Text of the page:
"Pack the shoulder" is a cue that has been used a lot. Remember that a cue is just a way to get someone to perform a movement a certain way. When I taught handstands in the past, I would use different cues for different people because their bodies were different and they had different mobility, etc., and also everyone learns slightly differently.

I realize that the packing cue has been used for a long time, but it is my personal opinion that it is a confusing cue. We are told to "pack" the shoulder both for swings and presses, yet the shoulder is required to perform a much different task in both movements. For the press, the shoulder blade should rotate upward as you press while staying tight to the back of the ribcage. When you swing, the shoulder blade must provide a stable base for the arm as you swing the kettlebell forward. The common thing between both moves is that the shoulder should be down away from the ear (explained in the second article posted below).

A while back there was a thread involving this. I tried searching for it but couldn't find it in the time I have. I believe this article was posted. I hope it's not too difficult to understand if english is your second language. It does help to explain what should happen, though. It is more complex than the second article posted below.


This is another good article that touches on using different cues to acheive the same goal. It also brings into question whether or not activating the lats during a press is a good strategy. For me, it's not. For others, it seems to help. They also suggest other cues to acheive the same goal.


If a visual representation would work best, here is a picture that might help explain what the scapula/shoulder blade must do when you reach or press overhead. Notice that the top portion of the scapula closest to the spine must rotate down as the portion that meets the humerus (arm bone) must rotate up.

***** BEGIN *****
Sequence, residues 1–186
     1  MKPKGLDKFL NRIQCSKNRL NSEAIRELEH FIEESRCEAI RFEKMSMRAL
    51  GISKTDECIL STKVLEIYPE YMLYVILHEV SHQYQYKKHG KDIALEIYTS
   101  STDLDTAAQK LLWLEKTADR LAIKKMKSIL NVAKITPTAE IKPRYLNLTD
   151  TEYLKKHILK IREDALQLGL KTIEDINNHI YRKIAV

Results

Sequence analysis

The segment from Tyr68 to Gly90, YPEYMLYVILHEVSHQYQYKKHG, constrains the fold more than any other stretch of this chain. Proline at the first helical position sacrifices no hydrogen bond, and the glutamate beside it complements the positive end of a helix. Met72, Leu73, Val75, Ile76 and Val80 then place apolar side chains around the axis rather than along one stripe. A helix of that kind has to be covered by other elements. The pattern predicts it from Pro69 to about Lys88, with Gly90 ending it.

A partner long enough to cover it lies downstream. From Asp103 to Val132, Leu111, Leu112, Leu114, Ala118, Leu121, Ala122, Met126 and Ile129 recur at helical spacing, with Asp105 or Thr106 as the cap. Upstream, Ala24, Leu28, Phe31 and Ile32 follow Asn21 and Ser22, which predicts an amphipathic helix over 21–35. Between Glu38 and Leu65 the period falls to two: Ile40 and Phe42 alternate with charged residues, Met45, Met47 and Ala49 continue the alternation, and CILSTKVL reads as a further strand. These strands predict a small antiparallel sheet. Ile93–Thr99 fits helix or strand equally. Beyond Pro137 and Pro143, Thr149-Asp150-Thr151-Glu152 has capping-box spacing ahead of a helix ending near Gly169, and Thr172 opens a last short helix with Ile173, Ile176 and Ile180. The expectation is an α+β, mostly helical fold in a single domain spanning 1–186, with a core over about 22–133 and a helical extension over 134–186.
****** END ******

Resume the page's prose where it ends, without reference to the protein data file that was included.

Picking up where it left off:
The arrows represent muscles that attach to the scapula. From upper left, moving anti-clockwise, they are:
Upper trapezius
Middle trapezius
Lower trapezius
Serratus anterior
Deltoid
View attachment 18662
Image used is from this paper:

I hope this is more helpful than confusing :)

Edit: If able, anyone with issues training a movement should work with a qualified coach in person. If trouble persists, see a physio. If your coach and/or physio aren't able to help, then I suggest trying different coaches/physios. As that second article touches on, a coach may know the cues to use, but if they don't understand why and how to use the cues, they might not work effectively.
Thanks a lot! Will read articles as soon as I can!
 

Ege

Level 5 Valued Member
Yes. At least I believe they are.

"Pack the shoulder" is a cue that has been used a lot. Remember that a cue is just a way to get someone to perform a movement a certain way. When I taught handstands in the past, I would use different cues for different people because their bodies were different and they had different mobility, etc., and also everyone learns slightly differently.